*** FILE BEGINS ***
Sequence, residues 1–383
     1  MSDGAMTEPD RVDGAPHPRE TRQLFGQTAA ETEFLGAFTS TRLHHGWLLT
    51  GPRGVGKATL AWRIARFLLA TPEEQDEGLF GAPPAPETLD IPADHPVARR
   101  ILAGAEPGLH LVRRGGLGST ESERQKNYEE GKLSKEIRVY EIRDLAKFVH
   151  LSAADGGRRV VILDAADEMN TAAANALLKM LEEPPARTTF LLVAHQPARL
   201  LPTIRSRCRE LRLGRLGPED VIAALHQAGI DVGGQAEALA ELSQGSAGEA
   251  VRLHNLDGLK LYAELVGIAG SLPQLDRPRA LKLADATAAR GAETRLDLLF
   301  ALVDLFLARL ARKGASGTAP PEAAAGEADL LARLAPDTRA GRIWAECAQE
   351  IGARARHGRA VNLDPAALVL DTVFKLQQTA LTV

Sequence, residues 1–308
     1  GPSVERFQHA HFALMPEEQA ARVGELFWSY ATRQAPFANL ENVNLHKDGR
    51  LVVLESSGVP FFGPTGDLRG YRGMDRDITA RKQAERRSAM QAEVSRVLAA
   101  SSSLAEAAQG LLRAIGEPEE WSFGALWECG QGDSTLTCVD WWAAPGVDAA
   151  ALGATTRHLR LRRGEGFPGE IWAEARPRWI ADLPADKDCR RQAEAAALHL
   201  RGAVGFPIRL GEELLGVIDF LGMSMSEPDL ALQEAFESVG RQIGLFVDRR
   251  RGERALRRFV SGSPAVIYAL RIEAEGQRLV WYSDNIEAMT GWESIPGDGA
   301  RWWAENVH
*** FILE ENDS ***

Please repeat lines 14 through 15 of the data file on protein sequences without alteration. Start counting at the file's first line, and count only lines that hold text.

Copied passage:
   151  ALGATTRHLR LRRGEGFPGE IWAEARPRWI ADLPADKDCR RQAEAAALHL
   201  RGAVGFPIRL GEELLGVIDF LGMSMSEPDL ALQEAFESVG RQIGLFVDRR